The AU Panel in Ain Siro: “Are We Part of Sudan?”
Speaking earlier today to the members of the African Union High-Level Panel on Darfur, in Ain Siro village in North Darfur, one resident asked rhetorically, “Are we part of Sudan?” He felt deprived and forgotten, and deeply appreciated the chance to speak at length, without interruption, to eminent foreign visitors.
Four members of the Panel visited Ain Siro. They included, former presidents Thabo Mbeki of South Africa and Abdisalam Abubaker of Nigeria (shown left), and two distinguished lawyers, Justice Florence Mumba of Zambia and Mohamed Kebir of Nigeria. Rakiya Omaar also visited last month. Former President Pierre Buyoya of Burundi sent his regrets, as he was attending the funeral of President Omar Bongo of Gabon today. (I attended in my capacity as advisor.) The Panel asked the community to address four themes: peace, reconciliation, justice, and how Darfur relates to the Sudanese nation.
Ali Haroun was born in the village and is now a senior member of the SLM. He spoke last, after representatives of the native administration, women, youth and the SLM. “We welcome you in your land.” He repeated “your” for emphasis, making the point that all Africans should feel at home: “It is yours too. We are proud to welcome you to listen to the people of Darfur, freely and without interference.” After the prepared presentations, lucid and comprehensive, the villagers had a free-flowing discussion with the panel members. Hundreds of people turned up, crowding round the discussion, which was held in the shade of mango trees.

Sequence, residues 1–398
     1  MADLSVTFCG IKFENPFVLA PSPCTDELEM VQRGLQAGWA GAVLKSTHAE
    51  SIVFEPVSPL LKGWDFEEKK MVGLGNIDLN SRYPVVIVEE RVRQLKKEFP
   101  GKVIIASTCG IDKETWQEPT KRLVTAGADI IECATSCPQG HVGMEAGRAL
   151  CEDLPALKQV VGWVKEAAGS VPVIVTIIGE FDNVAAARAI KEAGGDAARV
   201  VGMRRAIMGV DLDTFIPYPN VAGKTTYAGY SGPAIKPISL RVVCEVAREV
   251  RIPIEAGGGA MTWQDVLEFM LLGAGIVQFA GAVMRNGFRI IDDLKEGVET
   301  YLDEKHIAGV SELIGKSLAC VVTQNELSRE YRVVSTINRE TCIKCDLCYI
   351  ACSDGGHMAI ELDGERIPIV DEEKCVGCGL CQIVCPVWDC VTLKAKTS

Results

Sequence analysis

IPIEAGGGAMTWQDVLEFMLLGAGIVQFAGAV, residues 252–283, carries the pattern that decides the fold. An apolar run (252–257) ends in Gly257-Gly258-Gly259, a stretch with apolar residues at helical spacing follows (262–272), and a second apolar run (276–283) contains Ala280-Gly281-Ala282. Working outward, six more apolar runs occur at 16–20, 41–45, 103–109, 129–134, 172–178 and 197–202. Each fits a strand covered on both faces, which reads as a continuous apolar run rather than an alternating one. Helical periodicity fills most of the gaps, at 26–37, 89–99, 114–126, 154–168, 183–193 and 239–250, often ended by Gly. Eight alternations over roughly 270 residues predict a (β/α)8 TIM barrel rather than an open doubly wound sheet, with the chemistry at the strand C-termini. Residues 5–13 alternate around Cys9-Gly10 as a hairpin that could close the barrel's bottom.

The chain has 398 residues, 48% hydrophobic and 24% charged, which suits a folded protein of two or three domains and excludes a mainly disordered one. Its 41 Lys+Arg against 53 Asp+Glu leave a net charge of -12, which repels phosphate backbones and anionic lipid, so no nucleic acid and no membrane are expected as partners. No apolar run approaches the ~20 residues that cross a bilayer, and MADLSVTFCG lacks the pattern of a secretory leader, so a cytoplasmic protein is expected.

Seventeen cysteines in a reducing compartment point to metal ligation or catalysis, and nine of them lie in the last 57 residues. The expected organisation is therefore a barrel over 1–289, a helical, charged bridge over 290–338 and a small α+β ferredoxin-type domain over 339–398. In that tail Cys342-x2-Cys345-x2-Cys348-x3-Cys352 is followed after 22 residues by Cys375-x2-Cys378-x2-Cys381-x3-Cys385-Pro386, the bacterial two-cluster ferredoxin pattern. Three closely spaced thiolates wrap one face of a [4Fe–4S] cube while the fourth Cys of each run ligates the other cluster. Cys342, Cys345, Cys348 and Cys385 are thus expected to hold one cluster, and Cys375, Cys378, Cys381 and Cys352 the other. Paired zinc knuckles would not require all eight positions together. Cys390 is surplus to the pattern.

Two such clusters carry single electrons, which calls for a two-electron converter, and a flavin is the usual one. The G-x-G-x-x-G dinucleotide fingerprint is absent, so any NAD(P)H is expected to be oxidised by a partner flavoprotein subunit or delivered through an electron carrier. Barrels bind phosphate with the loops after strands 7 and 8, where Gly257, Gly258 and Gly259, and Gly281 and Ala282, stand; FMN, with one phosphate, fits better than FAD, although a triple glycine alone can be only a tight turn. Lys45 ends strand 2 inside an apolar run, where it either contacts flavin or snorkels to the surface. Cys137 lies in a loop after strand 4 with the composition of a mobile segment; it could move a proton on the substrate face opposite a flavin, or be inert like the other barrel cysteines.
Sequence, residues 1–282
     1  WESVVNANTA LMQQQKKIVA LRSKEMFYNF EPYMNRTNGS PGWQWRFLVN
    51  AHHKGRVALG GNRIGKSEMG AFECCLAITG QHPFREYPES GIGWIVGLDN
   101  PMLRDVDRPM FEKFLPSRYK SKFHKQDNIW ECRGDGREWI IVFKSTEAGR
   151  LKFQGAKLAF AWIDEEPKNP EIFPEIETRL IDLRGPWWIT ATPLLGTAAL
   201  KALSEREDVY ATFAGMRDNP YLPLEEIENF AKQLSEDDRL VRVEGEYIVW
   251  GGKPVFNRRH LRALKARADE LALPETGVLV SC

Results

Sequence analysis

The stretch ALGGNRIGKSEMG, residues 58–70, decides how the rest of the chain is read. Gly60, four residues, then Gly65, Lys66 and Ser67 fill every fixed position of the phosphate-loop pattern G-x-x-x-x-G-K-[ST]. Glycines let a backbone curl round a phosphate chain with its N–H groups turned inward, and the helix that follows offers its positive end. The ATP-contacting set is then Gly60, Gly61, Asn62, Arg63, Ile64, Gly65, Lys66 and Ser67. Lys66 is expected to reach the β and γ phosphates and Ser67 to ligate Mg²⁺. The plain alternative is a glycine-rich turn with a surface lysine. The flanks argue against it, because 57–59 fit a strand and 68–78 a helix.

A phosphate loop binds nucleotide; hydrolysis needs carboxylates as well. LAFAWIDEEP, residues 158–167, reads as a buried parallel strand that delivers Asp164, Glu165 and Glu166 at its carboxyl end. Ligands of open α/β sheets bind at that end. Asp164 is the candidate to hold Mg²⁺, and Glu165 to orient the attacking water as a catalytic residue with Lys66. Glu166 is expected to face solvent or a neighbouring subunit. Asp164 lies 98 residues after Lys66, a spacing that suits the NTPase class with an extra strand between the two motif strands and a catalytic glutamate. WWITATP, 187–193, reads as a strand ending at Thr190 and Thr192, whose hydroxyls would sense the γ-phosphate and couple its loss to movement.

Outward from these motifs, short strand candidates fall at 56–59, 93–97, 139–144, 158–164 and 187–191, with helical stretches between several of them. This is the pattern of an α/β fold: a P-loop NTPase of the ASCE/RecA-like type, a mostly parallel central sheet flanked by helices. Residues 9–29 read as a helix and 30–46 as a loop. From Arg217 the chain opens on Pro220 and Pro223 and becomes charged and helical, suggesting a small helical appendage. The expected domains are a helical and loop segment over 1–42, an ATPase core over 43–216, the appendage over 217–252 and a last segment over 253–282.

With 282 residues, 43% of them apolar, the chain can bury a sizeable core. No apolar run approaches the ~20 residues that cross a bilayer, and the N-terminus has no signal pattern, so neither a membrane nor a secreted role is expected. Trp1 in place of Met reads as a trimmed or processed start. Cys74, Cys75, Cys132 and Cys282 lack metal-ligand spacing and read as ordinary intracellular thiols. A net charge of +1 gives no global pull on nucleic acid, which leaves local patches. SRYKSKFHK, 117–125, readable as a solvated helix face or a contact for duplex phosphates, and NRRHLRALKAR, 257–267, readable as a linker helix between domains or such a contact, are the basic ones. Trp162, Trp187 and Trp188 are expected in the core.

For Ali Haroun, the four issues seemed to boil down to one basic doubt. Asked about elections, he said, “We don’t know if we are part of Sudan.” What he meant was that many Darfurians were IDPs, refugees or lived in rebel-held areas such as Ain Siro, and had not been counted in the census, and expected to be excluded from voting and other citizenship rights. Speaking a few minutes earlier, Omda Abdalla Shallali made a similar point. “You have come from Khartoum. In these villages do you see anything like Khartoum. Are we part of Sudan? Do you see schools like our school in northern Sudan or the cities? Do you see clinics like our clinic? Have you seen any gas station here?”